This study explores the prevalence and risk factors for “autonomic dysfunction” in scleroderma. The autonomic nervous system controls bodily functions such as breathing, blood pressure, the heartbeat, and digestive processes. We find that symptoms of autonomic dysfunction are common in scleroderma, and that gastrointestinal (GI) dysfunction tends to occur with other symptoms of autonomic dysfunction including dizziness and sweating disturbances.
Why was the study done?
Patients with scleroderma are known to have autonomic dysfunction including impaired heart rate and blood pressure control, GI disturbances, and sweating dysfunction. Prior studies in this area are small and have been unable to identify risk factors that are associated with autonomic dysfunction in scleroderma. The goal of this study was to measure the severity of autonomic symptoms among scleroderma patients and understand if specific clinical or lab features are associated with autonomic dysfunction.
How was the study done?
We administered a questionnaire called the COMPASS-31 to 104 scleroderma patients seen at the Johns Hopkins Scleroderma Center. The COMPASS-31 is a tool that is used to measure autonomic symptoms across multiple aspects of the autonomic nervous system. This includes questions about dizziness, sweating dysregulation, Raynaud’s phenomenon, GI dysfunction, pupil dysfunction, and urinary dysfunction. We then determined whether there were any clinical or laboratory features that were associated with symptoms of autonomic dysfunction in patients with scleroderma.
What were the major findings?
We found that symptoms of autonomic dysfunction are common among patients with scleroderma. This included patients with both limited and diffuse skin disease, and there was no particular autoantibody that predicted autonomic dysfunction. The symptoms also spanned across multiple facets of the autonomic nervous system. The burden of autonomic symptoms observed in patients with scleroderma was comparable to other diseases that primarily affect the autonomic nervous system such as diabetes. We found that GI dysfunction in scleroderma was strongly associated with symptoms of dizziness as well as dysfunction of the sweat glands and temperature regulation.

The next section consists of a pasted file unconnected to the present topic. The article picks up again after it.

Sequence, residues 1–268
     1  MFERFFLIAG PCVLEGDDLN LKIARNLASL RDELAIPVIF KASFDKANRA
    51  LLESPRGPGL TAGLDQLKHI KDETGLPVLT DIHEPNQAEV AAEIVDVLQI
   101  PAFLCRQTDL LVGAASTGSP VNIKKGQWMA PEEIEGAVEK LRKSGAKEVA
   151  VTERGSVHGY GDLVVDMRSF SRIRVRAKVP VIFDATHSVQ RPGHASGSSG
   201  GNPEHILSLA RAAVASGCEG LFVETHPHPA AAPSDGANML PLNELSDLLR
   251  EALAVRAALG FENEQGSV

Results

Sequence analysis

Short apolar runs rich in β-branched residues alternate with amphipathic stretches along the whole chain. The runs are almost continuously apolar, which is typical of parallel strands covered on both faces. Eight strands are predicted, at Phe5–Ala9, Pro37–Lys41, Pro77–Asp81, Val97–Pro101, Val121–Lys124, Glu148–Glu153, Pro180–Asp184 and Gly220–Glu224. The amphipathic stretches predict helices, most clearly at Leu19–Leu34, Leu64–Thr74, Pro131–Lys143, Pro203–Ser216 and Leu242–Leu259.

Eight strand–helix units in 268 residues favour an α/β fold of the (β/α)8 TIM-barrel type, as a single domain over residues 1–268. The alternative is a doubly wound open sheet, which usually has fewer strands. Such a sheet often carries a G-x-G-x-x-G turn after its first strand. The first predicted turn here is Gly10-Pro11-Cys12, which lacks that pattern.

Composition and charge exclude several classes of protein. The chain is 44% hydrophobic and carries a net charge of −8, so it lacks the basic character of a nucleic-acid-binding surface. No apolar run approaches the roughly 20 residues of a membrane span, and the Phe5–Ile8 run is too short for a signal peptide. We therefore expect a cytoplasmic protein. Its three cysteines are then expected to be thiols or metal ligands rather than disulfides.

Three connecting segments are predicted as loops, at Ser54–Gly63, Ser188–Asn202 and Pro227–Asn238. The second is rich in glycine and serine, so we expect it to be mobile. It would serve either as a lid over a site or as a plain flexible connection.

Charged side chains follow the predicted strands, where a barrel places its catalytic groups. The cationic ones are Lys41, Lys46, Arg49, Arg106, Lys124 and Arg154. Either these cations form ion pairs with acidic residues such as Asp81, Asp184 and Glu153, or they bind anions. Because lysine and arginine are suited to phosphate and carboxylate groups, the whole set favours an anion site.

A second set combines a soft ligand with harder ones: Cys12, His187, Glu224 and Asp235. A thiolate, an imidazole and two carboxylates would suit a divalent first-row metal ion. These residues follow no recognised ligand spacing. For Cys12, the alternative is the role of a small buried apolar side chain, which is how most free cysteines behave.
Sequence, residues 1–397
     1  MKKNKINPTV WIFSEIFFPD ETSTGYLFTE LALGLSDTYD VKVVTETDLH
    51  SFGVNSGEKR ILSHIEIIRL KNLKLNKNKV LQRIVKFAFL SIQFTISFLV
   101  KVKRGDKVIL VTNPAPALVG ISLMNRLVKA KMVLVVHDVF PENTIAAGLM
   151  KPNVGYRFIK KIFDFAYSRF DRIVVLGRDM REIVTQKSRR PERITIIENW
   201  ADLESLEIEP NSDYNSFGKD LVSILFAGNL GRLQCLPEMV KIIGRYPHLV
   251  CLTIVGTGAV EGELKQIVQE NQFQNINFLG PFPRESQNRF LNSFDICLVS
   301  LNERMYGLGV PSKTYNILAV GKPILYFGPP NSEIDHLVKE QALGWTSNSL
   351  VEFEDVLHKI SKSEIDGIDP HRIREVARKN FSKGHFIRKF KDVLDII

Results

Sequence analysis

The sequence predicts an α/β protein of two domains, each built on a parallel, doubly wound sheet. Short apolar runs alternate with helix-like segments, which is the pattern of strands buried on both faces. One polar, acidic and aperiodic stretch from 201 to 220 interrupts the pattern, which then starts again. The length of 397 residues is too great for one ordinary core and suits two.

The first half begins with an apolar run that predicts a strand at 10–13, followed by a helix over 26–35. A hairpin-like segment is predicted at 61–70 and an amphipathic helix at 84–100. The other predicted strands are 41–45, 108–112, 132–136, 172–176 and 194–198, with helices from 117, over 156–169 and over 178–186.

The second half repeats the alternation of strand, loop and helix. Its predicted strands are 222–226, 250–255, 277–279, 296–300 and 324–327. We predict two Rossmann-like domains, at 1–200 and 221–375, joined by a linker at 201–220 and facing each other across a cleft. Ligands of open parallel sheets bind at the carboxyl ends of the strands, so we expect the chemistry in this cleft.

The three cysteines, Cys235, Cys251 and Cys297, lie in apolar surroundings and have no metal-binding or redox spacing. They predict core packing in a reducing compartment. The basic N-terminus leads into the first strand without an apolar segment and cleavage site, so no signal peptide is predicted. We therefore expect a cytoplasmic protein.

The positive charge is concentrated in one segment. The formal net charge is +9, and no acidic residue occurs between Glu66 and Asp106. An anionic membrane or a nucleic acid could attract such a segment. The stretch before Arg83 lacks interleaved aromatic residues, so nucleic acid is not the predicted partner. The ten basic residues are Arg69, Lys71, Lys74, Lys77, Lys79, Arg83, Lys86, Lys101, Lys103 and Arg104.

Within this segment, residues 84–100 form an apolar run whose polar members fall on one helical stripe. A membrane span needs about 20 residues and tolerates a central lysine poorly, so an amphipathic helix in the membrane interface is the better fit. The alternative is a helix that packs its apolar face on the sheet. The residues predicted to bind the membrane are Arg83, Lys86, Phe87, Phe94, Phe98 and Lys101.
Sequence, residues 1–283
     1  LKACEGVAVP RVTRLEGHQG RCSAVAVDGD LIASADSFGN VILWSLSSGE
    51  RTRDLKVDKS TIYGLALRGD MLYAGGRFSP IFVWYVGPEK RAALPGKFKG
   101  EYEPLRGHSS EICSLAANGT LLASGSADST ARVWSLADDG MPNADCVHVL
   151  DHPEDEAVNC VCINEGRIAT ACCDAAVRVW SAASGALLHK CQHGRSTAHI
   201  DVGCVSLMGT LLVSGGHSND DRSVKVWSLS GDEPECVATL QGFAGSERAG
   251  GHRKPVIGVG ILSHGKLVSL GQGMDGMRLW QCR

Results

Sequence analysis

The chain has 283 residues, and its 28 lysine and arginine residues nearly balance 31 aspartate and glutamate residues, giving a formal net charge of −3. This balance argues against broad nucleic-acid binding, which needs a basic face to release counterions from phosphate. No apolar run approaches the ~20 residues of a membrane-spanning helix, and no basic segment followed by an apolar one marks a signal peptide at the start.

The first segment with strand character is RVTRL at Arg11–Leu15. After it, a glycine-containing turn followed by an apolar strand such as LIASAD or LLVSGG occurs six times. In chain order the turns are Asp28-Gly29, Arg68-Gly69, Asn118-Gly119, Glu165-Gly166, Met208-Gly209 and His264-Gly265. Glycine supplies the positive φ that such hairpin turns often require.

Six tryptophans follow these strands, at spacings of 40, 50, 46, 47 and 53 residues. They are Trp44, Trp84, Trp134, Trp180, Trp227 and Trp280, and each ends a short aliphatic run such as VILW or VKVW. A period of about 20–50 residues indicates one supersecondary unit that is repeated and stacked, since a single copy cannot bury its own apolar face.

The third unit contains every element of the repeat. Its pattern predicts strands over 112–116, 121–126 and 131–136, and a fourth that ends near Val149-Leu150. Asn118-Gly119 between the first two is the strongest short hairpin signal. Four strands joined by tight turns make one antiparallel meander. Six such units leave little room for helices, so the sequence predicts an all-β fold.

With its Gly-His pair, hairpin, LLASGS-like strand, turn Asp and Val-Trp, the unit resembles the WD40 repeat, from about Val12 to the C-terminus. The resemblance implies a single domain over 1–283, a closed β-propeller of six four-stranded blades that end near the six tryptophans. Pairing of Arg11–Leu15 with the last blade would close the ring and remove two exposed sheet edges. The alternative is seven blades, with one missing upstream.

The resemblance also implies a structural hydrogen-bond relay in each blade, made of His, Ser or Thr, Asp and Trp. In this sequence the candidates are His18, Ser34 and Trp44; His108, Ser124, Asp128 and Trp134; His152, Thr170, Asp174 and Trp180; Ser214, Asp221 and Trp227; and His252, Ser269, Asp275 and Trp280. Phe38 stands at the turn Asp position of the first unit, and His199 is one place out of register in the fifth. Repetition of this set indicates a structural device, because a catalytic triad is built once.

What is the impact of this work?
This study shows that scleroderma patients have a significant burden of symptoms related to autonomic dysfunction. There were no particular clinically or lab features that predicted who would develop these symptoms, which suggests that all patients with scleroderma should be screened for this complication in routine clinical practice. The COMPASS-31 tool may be a useful questionnaire for assessing the burden of autonomic symptoms in patients with scleroderma. GI dysfunction in scleroderma was strongly associated with other symptoms of autonomic dysfunction, suggesting that future studies are needed to understand the role of the autonomic nervous system in the pathogenesis of scleroderma.
This research was supported by:
Research supported by the Rheumatology Research Foundation Scientist Development Award, the Jerome L. Greene Foundation (90057213), the Scleroderma Research Foundation (ZHM), the Johns Hopkins Clinician Scientist Research Career Development Award (ZHM), and the US National Institute of Arthritis and Musculoskeletal and Skin Diseases (BLA, T32AR048522). JWR was supported in part by the US National Institute of Diabetes and Digestive and Kidney Diseases, the National Institutes of Health and Office of Research Development (1R01DK107007-01A1), the Department of Veterans Affairs (Biomedical and Laboratory Research Service and Rehabilitation Research and Development, 101RX001030).
Link to the original research publication:
Symptoms of Autonomic Dysfunction in Systemic Sclerosis Assessed by the COMPASS-31 Questionnaire. Adler BL, Russell JW, Hummers LK, McMahan ZH. J Rheumatol. 2018 Jun 15. pii: jrheum.170868. doi: 10.3899/jrheum.170868.